Review: Clinically Undepressed by Bastrop Opera House
by Michael Meigs
In our busy and often afflicted lives, perhaps that’s what we yearn for, even more than happiness. While attending Will Holcomb’s third staging of his play Clinically Undepressed I heard in my mind Reinhold Niebuhr’s prayer, “God, grant me the serenity to accept the things I cannot change, courage to change the things I can, and wisdom to know the difference.”
Holcomb’s premise in writing the piece was simple: imagine a child incapable of anger. What effect would that child have upon the world, and what would the world do to him? What would that serenity do?
Though there’s not a word about religion in this winsome little story about a boy named Cole Black, born smiling into the world, it can easily be understood as a Christian parable. The boy’s parents are unhappy and estranged; their next-door neighbor Millard Anderson, a foul-tempered old Vietnam vet with an evil past, threatens boys who step on his lawn; schoolmate Jimmy Masters bullies Cole in school; Jimmy’s dad is a pugnacious drunk whose wife has abandoned them.
That’s a group that might have been assembled out of the laments sung on a country music station. More to the point, they’re individuals suffering from the basic ills of contemporary society: people who need acceptance, understanding and love to rediscover the promise of life, so as not to give in to violence or despair.
The narrator who brings us into the story is Danne Absher as the angry next-door neighbor Millard. When the lights go down he appears before the audience in a spotlight, where he addresses us directly and without rancor. He promises us we’ll be witnessing a remarkable story. Absher ascends the steps to that perilously high stage at the Bastrop Opera House, where he’ll join some of the scenes, comment on others, and generally serve as our master of ceremonies. He has his own "front porch" at stage left but frequently ghosts away into the wings.
Holcomb, both playwright and director, manages to fit the story onto that odd high stage, more appropriate for a Texas dance band. The Bastrop Opera House techs help expand the view by using back projections to fill out stage left with background images, and the director often sends family characters into a one-foot-deep "pantry" at stage right for conferences as asides. Because of the awkward viewing angle, that multipurpose kitchen table sometimes blocks sightlines from the front rows. There's a clever scene shift in the second act that promptly transforms the family home into a burger bar.
Judy Vire and Steve Haight as the Blacks are ripe for divorce, but she discovers that she’s pregnant. Her husband Blake pauses for mental calculations: “Is it mine?” Narrator Millard has warned us already that Blake, a local prosecutor, is a sour character. We get a scene at the maternity clinic where three men are awaiting deliveries. Blake, the third, is busy with paperwork from the office. Melissa Weltner as the nurse appears to advise him that the newborn son is healthy but needs some neurological tests. There’s something strange about him.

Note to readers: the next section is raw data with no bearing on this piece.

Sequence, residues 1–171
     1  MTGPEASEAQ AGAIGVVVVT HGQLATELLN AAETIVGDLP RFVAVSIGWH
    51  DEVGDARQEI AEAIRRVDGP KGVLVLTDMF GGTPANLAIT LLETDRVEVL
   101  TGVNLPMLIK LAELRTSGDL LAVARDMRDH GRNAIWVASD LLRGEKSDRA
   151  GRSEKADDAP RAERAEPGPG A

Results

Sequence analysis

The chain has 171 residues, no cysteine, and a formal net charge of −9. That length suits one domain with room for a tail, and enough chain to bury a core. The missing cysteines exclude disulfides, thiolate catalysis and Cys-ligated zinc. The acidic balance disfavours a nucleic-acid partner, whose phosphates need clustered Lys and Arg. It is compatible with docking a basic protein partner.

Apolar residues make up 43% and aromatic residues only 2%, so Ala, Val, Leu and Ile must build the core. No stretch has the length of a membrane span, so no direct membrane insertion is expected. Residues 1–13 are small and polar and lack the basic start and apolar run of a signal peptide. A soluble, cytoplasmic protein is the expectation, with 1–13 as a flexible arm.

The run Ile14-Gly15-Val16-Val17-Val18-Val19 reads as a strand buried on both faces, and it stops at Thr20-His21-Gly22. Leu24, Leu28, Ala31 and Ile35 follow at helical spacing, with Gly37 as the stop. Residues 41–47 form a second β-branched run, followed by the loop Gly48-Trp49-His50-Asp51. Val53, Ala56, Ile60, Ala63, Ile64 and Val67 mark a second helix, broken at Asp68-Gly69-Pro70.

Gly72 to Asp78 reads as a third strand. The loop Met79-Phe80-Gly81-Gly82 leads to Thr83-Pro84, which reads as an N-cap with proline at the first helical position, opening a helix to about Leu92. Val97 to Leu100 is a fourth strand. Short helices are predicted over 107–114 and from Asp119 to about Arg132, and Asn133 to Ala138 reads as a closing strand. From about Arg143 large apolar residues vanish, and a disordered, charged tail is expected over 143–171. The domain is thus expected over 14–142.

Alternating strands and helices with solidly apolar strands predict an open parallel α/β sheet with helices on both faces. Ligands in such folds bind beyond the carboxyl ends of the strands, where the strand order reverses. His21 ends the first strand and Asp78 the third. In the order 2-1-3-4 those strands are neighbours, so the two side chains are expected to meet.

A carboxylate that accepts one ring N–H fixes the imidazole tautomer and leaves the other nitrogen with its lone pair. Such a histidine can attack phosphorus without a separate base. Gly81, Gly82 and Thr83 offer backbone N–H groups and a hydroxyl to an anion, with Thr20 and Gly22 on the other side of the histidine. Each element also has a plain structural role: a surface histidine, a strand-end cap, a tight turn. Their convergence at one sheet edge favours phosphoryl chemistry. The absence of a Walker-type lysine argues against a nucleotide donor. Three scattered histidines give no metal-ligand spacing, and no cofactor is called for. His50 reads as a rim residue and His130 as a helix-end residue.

And we learn that this cheery little infant grows up to be a mild and ever optimistic child with a weird handicap: he’s incapable of feeling anger. At first the son's an invisible presence: an unheard cry at birth, an unglimpsed figure in a bassinet as his father Blake the attorney awkwardly interacts with the baby.
Young Cole Black eventually appears in the person of Deklan Finley. Playwright and cast take Cole through episode after episode where this unusual disability becomes an advantage, a mystic quality not unlike the mythic King’s Touch. Everyone he encounters responds to his uncanny spiritual goodness; every situation in which he engages turns out first for the better and then for the best.
The story isn’t complicated, but it’s nicely carpentered together. The characters are not deep or eloquent but they do change. Cole’s innocence and goodness bring hope to all. A couple of scenes are particularly effective because of clever plot twists. The parable is smoothly delivered, and at the end of the two acts the cast and playwright receive a well deserved standing ovation from the home crowd.
The play could have been clunky and a bit wooden if it hadn’t been for Deklan Finley as the clinically undepressed Cole Black. Engaged, audible and radiating interest in others, Finley delivers a performance that’s clear and pure as water flowing in a mountain stream. His art is that of not showing the art as he makes us believe in apparent impossibility.
Cole doesn’t just turn the other cheek; he befriends his assailant. He happily accepts being fired for being too friendly to the customers at the burger stand; he dispenses wisdom to his stressed employer. By taking an interest that we perceive as vibrant and genuine, he draws crabbed Millard out of the shell of decades of suffering. The plot arc is nicely concluded with the final scene, which takes place not on the elevated stage but right there on the floor with the audience, where Cole surprises us and our narrator plays an unexpected key role.
Even Jesus got angry; Cole Black does not. But in Holcomb’s story Cole’s Christ-like temperament inevitably leads to desired miracles. Despite that stacked deck Deklan Finley’s performance has concealed depth. He gives us a Cole Black who resembles Dostoyevski’s serene innocents Prince Myshkin and Alyosha Karamasov but doesn’t face the intractability of their surroundings.
The fact is, miracles such as those shown in Clinically Undepressed are conceivable and sometimes can occur in our own everyday lives.
That fact gives us hope.
August 10 - August 25, 2018
711 Spring Street
Bastrop, TX, 78602
August 10, 11, 17, 18, 24, 25, 2018 at 7:30 pm
August 12 at 2:30 pm
Tickets $8 - $15 plus service fee. Click HERE to purchase.